Missouri welfare recipients could not spend their cash benefits at casinos, liquor stores or adult-entertainment establishments under legislation sent to Gov. Jay Nixon on Thursday.
The legislation would restrict the use of Temporary Assistance for Needy Families cash benefits at those locations and on items marketed exclusively for adults. Welfare cash benefits are distributed to recipients through electronic benefit transfer cards which function like credit cards. The measure would it make illegal to use those cards in transactions at any of the prohibited locations.
Missouri needs to adopt the welfare spending restrictions this year in order to comply with federal guidelines or risk losing 5 percent of the program's funding.
“By not addressing this issue, we allow these dollars to be used in inappropriate places,” said Rep. Casey Guernsey, R-Bethany.
The House voted 110-36 to send the measure to Nixon on Thursday. Senators approved the same bill earlier this year.
Many House Democrats opposed the bill and argued it would place burdensome restrictions on where people can shop and pointed out that many liquor stores also sell food. The bill would prohibit electronic benefits transfer spending at any store which “exclusively or primarily” sells liquor. The same electronic benefits transfer cards used for cash assistance are also used by welfare recipients to access federal food stamp benefits.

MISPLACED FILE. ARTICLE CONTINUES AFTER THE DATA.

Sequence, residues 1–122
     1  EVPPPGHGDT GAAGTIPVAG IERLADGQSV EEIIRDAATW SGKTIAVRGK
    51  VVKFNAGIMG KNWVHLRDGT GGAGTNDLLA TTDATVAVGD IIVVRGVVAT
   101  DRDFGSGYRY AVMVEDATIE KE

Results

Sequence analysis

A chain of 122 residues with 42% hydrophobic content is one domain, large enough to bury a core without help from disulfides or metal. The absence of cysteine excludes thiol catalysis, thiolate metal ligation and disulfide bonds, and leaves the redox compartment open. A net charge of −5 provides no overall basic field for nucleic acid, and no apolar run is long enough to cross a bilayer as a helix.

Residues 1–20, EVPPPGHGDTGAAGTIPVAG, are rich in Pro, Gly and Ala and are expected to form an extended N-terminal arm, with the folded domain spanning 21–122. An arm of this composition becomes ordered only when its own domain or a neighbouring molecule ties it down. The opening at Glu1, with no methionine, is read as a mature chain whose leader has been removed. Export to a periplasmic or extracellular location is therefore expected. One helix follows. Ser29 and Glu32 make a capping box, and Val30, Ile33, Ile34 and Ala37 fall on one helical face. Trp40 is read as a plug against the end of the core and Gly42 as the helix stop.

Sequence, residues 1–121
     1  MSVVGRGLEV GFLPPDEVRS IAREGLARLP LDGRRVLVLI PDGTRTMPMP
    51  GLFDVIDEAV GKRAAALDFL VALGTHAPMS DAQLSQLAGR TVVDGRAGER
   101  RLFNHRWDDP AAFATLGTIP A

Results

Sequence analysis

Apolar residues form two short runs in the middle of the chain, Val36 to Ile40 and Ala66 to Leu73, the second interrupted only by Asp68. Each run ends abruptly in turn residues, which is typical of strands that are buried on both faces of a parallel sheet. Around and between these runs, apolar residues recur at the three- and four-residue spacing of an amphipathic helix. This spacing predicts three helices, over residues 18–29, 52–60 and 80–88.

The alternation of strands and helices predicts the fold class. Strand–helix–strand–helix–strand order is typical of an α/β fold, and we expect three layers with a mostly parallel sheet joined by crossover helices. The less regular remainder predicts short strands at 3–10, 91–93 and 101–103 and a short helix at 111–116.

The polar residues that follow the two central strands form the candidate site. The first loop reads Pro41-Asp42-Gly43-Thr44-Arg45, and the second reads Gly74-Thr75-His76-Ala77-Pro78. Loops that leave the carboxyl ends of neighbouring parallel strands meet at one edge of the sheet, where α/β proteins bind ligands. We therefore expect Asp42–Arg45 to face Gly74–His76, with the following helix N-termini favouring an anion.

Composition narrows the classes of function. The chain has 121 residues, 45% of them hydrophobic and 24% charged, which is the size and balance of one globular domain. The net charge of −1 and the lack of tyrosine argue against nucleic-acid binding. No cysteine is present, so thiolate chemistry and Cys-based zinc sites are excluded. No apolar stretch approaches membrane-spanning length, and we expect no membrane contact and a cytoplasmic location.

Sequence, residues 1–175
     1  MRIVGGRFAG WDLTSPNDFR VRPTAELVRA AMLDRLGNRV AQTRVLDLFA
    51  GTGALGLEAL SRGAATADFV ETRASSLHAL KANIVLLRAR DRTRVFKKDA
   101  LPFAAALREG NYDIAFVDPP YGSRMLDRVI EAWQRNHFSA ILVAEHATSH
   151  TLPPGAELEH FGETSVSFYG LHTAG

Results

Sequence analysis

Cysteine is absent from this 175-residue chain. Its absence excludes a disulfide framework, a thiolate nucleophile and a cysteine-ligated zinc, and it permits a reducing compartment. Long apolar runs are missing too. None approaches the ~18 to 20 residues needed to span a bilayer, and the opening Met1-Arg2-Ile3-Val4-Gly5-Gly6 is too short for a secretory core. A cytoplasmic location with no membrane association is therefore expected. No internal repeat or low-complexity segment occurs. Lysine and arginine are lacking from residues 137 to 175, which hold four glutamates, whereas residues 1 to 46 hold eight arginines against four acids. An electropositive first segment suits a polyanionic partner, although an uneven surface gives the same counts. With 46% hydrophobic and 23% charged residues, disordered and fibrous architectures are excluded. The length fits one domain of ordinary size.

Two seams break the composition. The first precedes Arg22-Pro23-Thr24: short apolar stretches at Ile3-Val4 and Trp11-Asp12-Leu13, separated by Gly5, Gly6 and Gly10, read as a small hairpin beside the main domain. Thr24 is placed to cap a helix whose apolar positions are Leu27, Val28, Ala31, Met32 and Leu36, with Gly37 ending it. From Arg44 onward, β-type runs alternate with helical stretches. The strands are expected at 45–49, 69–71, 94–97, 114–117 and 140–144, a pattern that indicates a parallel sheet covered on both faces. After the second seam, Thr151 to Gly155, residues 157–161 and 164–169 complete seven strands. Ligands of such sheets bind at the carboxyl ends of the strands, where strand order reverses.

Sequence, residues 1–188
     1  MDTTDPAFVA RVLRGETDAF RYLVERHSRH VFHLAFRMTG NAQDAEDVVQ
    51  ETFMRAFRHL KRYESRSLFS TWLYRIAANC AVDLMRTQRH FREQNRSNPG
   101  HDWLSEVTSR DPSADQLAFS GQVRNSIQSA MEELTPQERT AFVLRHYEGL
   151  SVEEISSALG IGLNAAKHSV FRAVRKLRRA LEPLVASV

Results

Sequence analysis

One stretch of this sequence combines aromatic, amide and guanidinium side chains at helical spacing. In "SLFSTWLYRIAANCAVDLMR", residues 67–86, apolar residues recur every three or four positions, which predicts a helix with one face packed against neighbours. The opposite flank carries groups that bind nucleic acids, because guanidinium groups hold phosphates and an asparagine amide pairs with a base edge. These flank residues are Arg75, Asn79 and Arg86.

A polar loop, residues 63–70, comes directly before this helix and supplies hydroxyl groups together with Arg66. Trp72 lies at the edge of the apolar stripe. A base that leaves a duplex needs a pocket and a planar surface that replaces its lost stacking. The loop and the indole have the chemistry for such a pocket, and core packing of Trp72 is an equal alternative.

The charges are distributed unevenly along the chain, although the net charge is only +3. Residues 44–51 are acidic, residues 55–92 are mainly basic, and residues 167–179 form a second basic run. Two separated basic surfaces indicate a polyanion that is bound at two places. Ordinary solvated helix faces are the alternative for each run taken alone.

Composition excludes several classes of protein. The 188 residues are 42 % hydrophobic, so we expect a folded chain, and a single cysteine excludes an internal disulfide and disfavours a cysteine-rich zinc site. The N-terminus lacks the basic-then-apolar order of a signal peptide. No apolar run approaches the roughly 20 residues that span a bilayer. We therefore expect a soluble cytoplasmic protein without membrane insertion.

“If you're poor you don't count. If you're poor we can decide what you do, where you shop and where you spend it,” said Rep. Gail McCann Beatty, D-Kansas City, who opposed the bill.
Welfare recipients guilty of repeatedly improperly spending their benefits would be subject to steeper criminal penalties under the measure. Under current law, spending benefits on prohibited items less than $500 is a misdemeanor punishable by a maximum one-year prison sentence.
But the law would increase that penalty for a person committing their second violation to a felony charge, carrying a maximum four-year prison term.
Business owners who knowingly sell prohibited items to welfare recipients would also face fines. The first offense would carry a maximum fine of $500 but subsequent offenses would garner fines up to $1,000.